Home > Feature

Civilian-government committee to target all culture blacklists

By Yoon Min-sik

  • Published : Sept 18, 2017 - 17:17
  • Updated : Sept 18, 2017 - 17:17

The joint civilian-government committee investigating the Park Geun-hye administration’s blacklist of cultural figures said Monday it will expand its activities to probe the blacklist that precedes the Park administration.

Lawyer Cho Young-sun, the head of investigative subcommittee of the group, said that documents indicate that the blacklisting of controversial figures has been going on since at least 2008, when former President Lee Myung-bak was in office.

“We’re not limiting our investigation to just the Park administration’s list. If (cultural figures) were penalized during the Lee administration, we will investigate that as well,” he said during a media briefing in Seoul.

Former politician and actor Moon Sung-keun addresses reporters in front of the Seoul Central District Prosecutor’s Office on Monday. (Yonhap)

In July, the Ministry of Culture, Sports and Tourism officially launched the committee to investigate the blacklist scandal. The committee is jointly headed by Culture Minister Do Jong-hwan and artist Shin Hak-chul and consists of 21 local artists -- most of whom were on the blacklist -- and four ministry officials.

Park -- currently being tried for her involvement in a corruption scandal involving her confidante Choi Soon-sil -- kept a list of artists who were to be excluded from receiving state funding. The list included left-leaning artists and those who supported Park’s political rivals, such as President Moon Jae-in.

Last month, it was revealed that the National Intelligence Service had kept a blacklist of cultural figures during the Lee administration as well.

Moon Sung-keun, a former politician and actor who was among the biggest names on the list, appeared before the investigators at Seoul Central District Prosecutor’s Office Monday as a blacklist victim.

“The blacklist increased during the past dictatorial administrations, but disappeared with democratization. It is amazing that the (blacklist) had been reinstated,” he told reporters. “The people who made the list, who followed orders, they all knew that it was illegal, and yet they just went with it. That was what shocked me the most: that there was little resistance.”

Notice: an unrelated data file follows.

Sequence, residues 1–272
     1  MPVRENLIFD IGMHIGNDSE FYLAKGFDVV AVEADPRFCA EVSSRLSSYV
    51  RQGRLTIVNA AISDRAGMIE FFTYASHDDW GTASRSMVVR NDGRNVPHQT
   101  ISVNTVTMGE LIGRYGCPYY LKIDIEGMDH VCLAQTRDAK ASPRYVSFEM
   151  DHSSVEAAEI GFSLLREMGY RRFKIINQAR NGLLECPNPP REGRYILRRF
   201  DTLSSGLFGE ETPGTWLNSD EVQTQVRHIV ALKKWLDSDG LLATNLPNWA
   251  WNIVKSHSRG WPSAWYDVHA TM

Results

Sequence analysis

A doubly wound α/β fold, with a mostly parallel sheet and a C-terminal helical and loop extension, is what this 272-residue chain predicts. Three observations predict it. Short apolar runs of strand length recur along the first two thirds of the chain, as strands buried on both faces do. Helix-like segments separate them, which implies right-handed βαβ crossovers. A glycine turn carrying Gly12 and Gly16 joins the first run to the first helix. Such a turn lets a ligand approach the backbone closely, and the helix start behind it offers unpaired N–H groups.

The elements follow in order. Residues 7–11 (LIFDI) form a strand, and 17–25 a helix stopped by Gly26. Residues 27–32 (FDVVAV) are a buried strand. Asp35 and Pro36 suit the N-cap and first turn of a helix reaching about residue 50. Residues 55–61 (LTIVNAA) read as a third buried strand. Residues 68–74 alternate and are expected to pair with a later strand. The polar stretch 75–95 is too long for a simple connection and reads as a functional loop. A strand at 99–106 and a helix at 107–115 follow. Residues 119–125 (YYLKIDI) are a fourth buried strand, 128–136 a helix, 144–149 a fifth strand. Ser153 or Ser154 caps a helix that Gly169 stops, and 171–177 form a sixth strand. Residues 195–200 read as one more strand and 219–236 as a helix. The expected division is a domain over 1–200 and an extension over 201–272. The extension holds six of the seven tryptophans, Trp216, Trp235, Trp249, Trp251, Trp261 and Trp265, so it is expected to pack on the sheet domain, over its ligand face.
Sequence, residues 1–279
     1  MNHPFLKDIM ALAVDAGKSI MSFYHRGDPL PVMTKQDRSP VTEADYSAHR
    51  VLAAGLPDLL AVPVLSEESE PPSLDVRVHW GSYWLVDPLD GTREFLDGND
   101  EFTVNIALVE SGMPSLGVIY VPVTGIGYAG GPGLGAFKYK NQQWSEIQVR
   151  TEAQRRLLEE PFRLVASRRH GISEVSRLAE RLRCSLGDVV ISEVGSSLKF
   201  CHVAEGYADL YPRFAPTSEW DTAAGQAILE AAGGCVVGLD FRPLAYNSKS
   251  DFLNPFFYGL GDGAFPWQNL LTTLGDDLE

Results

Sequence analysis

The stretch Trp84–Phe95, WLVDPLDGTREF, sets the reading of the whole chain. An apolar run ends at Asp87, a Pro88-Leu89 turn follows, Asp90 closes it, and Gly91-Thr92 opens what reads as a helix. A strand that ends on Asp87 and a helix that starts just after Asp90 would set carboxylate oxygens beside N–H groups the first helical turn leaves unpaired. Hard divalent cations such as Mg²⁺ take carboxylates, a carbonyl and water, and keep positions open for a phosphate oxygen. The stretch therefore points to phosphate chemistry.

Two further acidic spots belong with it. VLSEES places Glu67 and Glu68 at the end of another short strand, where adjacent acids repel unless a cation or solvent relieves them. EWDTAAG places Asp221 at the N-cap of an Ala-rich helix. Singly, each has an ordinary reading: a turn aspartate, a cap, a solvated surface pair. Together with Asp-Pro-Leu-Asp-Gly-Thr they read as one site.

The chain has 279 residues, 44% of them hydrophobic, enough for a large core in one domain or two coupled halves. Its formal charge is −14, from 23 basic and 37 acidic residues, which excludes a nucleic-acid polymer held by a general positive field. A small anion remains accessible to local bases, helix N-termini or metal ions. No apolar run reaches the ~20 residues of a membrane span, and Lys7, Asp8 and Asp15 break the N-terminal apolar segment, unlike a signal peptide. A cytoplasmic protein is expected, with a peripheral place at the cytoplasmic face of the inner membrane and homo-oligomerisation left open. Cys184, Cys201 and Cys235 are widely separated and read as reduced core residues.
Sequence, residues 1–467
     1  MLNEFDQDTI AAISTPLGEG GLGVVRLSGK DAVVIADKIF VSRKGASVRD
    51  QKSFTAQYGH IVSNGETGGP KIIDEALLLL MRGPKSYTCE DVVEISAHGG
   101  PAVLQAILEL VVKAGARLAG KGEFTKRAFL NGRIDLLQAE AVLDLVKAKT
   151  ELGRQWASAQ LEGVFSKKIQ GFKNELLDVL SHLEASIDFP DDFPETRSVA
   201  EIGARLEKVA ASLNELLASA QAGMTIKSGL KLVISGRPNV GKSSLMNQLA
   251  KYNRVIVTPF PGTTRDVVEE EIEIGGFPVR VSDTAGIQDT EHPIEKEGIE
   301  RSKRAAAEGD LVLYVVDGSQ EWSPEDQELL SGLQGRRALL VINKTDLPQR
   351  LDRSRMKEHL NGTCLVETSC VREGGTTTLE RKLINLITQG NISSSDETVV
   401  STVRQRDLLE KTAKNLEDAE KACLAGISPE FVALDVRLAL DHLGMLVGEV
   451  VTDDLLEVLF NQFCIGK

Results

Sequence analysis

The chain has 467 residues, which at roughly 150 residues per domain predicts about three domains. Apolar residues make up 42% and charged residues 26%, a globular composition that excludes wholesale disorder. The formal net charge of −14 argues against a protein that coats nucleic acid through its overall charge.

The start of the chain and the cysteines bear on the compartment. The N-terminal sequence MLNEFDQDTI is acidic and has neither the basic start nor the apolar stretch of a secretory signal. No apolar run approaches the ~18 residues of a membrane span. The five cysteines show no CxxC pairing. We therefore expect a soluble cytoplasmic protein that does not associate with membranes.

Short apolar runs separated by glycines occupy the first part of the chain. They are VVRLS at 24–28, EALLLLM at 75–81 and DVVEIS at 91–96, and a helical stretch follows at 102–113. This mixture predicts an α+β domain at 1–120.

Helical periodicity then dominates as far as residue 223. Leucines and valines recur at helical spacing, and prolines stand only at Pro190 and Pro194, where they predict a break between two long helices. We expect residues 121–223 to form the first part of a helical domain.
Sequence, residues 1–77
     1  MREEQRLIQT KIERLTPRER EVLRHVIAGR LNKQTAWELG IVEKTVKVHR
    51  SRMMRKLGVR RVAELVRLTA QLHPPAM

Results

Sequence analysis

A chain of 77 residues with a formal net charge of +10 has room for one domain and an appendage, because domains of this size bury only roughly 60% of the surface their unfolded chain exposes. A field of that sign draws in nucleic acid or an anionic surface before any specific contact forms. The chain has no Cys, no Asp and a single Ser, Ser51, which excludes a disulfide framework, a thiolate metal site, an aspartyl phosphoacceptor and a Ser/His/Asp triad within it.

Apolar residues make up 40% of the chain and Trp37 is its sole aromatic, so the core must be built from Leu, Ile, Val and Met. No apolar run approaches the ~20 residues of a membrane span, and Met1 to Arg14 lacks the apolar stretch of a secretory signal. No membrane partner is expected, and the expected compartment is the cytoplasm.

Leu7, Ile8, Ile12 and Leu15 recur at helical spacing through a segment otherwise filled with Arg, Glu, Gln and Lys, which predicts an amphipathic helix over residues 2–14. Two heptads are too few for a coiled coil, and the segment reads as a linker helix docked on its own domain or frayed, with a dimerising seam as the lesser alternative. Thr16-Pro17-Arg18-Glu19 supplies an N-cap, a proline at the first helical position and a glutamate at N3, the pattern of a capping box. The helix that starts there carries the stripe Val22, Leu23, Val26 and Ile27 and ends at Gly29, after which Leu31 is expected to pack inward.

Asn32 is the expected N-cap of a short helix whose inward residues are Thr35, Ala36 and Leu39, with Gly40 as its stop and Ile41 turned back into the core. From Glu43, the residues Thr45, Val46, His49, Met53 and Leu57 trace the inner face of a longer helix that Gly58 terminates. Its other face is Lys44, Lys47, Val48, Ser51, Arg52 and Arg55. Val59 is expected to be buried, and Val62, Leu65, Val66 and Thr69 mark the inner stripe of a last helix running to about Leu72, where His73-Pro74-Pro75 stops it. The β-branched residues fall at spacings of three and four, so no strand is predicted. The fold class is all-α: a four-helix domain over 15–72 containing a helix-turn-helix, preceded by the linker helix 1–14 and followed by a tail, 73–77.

Moon said he is preparing to take legal actions.

Comedian Kim Mi-hwa is slated to testify Tuesday. She will also hold a press conference at the headquarters of the joint civilian-government investigative committee next Tuesday.

The committee urged cooperation from prosecutors and all government bodies related to the scandal, which it said was a deeply rooted problem in Korean society.

“The government documents (during previous administrations) revealed the link between Cheong Wa Dae, the NIS, the Culture Ministry and related organizations. After the presidential office orders exclusion of left-leaning artists, the NIS makes the list and the ministry creates a task force that puts pressure on related committees,” explained Cho.

He added that the phrase “keep it an unofficial guideline” keeps popping up in documents related to the blacklist.

Lee Won-jae, a spokesman for the committee, said there will be another briefing next month.

“Right now, we’ve only investigated the matter for about 15 days. We will alert the media and the public as soon as we discover more about it,” he said.

The committee last month launched a webpage (www.blacklist-free.kr) where anyone with knowledge about the blacklist scandals can provide information. So far, 25 cases have been reported to the committee.

The committee is conducting separate probes on six cases that it suspects are related to the blacklist, including the disruption of the decadeslong Seoul Theater Festival in 2015 when the organizers failed to secure its usual venue, Arko Arts Theater. The festival took place at an alternate venue.

The investigative committee also held a talk show at independent film theater Indiespace on Monday where some 200 cultural figures were given a chance to share stories about their life while on the blacklist.

By Yoon Min-sik (minsikyoon@heraldcorp.com)